7 Japanese House Features That Every Home Should Have
Many aspects of Japanese lifestyles are visually appealing, which is why Japanese design exerts a strong influence on lifestyles around the world. Architect and artist Azby Brown introduces a few features of Japanese houses that could be incorporated into the design of any home, and would improve life in very noticeable and enduring ways.
The most interesting features of Japanese homes bring tremendous practical advantages. Most of these ideas make it possible to use space more flexibly. Some improve physical health and comfort. Yet others can enhance social interaction. Let’s take a look at several typical Japanese home features worth adopting regardless of where you live.
The emphasis placed on keeping the interior of Japanese homes clean and free of outdoor dirt is deeply rooted in the nation’s culture and history. Those who would like to enjoy the benefits of a similarly clean floor should seriously consider having a genkan. The genkan is a vestibule where footwear is removed before stepping into the living spaces of the home itself. The act of removing footwear is what makes it possible to keep the interior floor clean enough to sit and sleep on, and the genkan facilitates that transition in a beautiful and functional way. In centuries past, the genkan was usually floored with hard packed clay. Today, it’s likely to be tile.
In the mental map all Japanese have of how homes are supposed to work, the genkan is considered a “dirty” zone, more connected to the outdoors than the rooms for living and sleeping further inside. Is it “dirty” because outdoor shoes are worn there, or can outdoor shoes be worn there because it’s “dirty”? That’s probably an unanswerable question. Because traditional Japanese houses had floors raised above the ground level, even today the demarcation between genkan and living space is a step up into a corridor or vestibule.
The genkan is also the first thing visitors see, so care is generally taken to make it an aesthetically pleasing space that demonstrates the character and taste of the occupants. Typical appointments include well thought-out furnishings, such as a bench to sit on while putting on or removing shoes, and a cabinet for storing them, as well as pictures and a shelf of some sort for flowers and decorative objects. The genkan can be modern or traditional, country-style or sleekly urban. Even tiny one-room apartments are unthinkable without a genkan of some sort, often just a small patch of contrasting flooring just inside the entry which tells everyone, “We keep a clean house here!”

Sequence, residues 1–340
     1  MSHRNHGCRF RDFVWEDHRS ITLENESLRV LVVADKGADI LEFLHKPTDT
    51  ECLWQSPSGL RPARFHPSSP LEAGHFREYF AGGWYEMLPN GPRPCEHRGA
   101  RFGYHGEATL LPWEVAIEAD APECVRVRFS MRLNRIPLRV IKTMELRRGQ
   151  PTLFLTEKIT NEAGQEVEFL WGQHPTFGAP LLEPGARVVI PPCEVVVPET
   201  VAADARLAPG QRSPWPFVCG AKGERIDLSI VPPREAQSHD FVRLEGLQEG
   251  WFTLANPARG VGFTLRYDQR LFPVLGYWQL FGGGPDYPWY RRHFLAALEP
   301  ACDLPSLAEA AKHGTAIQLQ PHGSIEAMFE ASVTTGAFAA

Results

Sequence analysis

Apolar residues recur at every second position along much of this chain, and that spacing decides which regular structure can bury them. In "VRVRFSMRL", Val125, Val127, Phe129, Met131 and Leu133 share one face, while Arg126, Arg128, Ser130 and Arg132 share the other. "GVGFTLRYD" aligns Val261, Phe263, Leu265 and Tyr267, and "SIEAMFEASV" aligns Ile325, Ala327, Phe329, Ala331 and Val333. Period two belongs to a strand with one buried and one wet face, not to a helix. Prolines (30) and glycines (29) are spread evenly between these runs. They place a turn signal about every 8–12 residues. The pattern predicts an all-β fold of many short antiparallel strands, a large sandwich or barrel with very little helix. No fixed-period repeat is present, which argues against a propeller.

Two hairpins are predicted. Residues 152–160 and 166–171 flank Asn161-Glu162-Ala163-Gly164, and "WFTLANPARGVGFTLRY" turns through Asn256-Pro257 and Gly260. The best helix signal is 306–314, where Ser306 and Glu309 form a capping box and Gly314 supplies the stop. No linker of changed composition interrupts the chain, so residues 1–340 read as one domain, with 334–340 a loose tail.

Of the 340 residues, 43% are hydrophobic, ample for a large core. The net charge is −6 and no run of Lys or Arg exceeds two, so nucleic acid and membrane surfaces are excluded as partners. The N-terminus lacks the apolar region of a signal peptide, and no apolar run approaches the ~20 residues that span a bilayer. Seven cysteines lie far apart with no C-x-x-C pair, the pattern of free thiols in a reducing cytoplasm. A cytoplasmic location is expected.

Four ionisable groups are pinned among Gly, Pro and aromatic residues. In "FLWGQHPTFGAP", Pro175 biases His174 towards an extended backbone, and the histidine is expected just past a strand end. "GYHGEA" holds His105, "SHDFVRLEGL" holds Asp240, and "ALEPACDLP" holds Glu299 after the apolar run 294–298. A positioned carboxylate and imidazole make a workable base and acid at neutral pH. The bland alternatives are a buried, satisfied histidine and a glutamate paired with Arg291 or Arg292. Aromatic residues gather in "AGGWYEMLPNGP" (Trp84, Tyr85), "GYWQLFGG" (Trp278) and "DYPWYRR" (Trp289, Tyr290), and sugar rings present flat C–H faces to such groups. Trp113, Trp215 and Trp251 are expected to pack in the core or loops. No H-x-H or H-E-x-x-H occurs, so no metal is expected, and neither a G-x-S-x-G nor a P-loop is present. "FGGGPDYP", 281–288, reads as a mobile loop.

More than just a veranda, the engawa is an extension of living space that connects us to the outdoors that literally lets us breathe. Many cultures have porches, verandas, or balconies, all of which are outdoor spaces connected to the house. But the engawa is truly a flexible extension of the interior space, at the same level as the interior floor, and sheltered by deep eaves.
The key to its magic is the use of large sliding doors that open up the entire length, making movement between the inner rooms and the engawa flow effortlessly. Light and air flow freely as well. The engawa is a place to sit and talk with neighbors, drink tea, or simply enjoy the garden, taking advantage of shade when it’s hot or sunlight when it’s cool.
Unlike a typical veranda, an engawa does not have a railing, since it’s intended to be used on the ground floor only. The nicest varieties have thick smooth wooden floorboards that feel cool on hot days. Additional shade can be provided by blinds hung from the edge of the eaves. To do it old-style, it’s best to have some round woven straw cushions handy so you can sit comfortably on the engawa floor. But there’s no reason not to haul a rocking chair out there if that’s what best suits your mood.
The Japanese-style Bath
The Japanese bath invariably gets raves from visitors who experience it for the first time. The Western bathroom typically includes a sink, a toilet, and a porcelain or fiberglass trough surrounded by a curtain or other partition to allow users to take a shower without getting too much water on the floor.
The Japanese bathroom, on the other hand, is like a shower stall large enough to hold a large tub for soaking in. The entire bathroom is a “wet zone,” and the toilet and the washbasin are relegated to separate areas. Japanese bathtubs are shoulder-deep and fed by circulating hot water which is preferably close to scalding. Contemporary Japanese bathrooms are fitted with flexible showerheads that can be used either standing or while seated on a small wooden or plastic stool. Age-old manners dictate that users wash and shampoo outside of the tub itself, rinsing off all of the suds before climbing into the tub to soak. That way the water always stays clean.
In ages past, bathtubs were carefully constructed of durable, water-resistant hinoki wood, and these can still be ordered, although they’re considered luxurious and priced accordingly. But once you grasp the basic concept, a bathroom that takes advantage of the Japanese way of bathing can be constructed using conventional materials and techniques. Shower and shampoo outside the tub, and soak your stress away.